Rickets Still Around and Still a Problem

Rickets has declined in frequency but it is still a problem.

Rickets is a disease of infants and children. It disturbs normal bone formation (ossification). Rickets results in inadequate mineralization in bone. This softens bone (producing osteomalacia) and permits marked bending and distortion of bones.

Up through the first third of the 20th century, rickets was largely due to lack of exposure to sunlight or lack of vitamin D in foods such as dairy products. Sunlight provides the ultraviolet rays necessary for the natural production of vitamin D in our skin. These rays do not pass through ordinary window glass.

Once the role of vitamin D in rickets was discovered, cod liver oil (which is rich in vitamin D) became a favored, if not too tasty, remedy. Thanks to such supplements of vitamin D, nutritional rickets has become relatively rare in industrialized nations.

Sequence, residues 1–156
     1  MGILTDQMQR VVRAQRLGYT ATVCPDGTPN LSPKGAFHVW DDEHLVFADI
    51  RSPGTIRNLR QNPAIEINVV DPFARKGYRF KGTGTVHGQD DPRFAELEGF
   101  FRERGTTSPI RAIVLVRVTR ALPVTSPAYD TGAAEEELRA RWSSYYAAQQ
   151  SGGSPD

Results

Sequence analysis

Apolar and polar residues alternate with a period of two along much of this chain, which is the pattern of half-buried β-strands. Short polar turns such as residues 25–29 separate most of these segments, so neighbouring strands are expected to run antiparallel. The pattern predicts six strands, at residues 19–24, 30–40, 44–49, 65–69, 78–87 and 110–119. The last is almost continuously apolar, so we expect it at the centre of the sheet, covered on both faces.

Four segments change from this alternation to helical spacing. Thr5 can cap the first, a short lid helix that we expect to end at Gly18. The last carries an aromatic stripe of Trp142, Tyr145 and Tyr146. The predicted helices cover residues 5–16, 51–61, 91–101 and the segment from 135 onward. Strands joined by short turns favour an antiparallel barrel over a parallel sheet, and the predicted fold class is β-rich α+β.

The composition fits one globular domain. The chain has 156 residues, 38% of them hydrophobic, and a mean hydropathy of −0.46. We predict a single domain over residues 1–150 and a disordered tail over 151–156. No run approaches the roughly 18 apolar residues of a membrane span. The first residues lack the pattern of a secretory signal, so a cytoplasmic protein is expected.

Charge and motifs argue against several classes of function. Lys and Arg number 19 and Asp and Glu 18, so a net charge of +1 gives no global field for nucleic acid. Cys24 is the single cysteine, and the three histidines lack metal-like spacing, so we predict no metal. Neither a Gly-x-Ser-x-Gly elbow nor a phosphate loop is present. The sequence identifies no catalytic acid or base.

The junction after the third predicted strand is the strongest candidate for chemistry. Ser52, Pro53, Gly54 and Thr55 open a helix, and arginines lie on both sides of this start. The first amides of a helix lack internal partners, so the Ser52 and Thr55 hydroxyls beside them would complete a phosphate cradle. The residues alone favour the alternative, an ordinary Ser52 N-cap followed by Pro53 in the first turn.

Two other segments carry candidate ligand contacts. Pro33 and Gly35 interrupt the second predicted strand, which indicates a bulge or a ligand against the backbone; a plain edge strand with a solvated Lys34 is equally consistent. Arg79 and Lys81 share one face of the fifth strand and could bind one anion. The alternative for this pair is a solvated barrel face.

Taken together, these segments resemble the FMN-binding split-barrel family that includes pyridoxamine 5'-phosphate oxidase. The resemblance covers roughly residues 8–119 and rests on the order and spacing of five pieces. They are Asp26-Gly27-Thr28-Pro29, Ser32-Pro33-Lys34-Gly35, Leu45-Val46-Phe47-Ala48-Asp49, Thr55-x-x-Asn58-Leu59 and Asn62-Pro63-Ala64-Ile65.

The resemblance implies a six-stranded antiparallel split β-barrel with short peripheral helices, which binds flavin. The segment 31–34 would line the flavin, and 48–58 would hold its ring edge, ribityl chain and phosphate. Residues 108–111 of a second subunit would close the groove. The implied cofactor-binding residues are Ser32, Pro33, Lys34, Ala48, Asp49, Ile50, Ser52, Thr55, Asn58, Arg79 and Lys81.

Nutritional rickets still occurs, for example, in breast- fed babies whose mothers are underexposed to sunlight and in dark-skinned babies who are not given vitamin D supplements (the dark skin blocks the UV rays). In some unindustrialized countries, vitamin D deficiency rickets continues to be a major problem.

Rickets in industrialized countries now is usually due to other causes, namely:

  • Disorders that create vitamin D deficiency by interfering with the absorption of vitamin D through the intestines.
  • Diseases (for example, of the liver or kidney) that impair the normal metabolic conversion and activation of vitamin D.
  • Conditions that disrupt the normal balance of calcium and phosphorus in the body.

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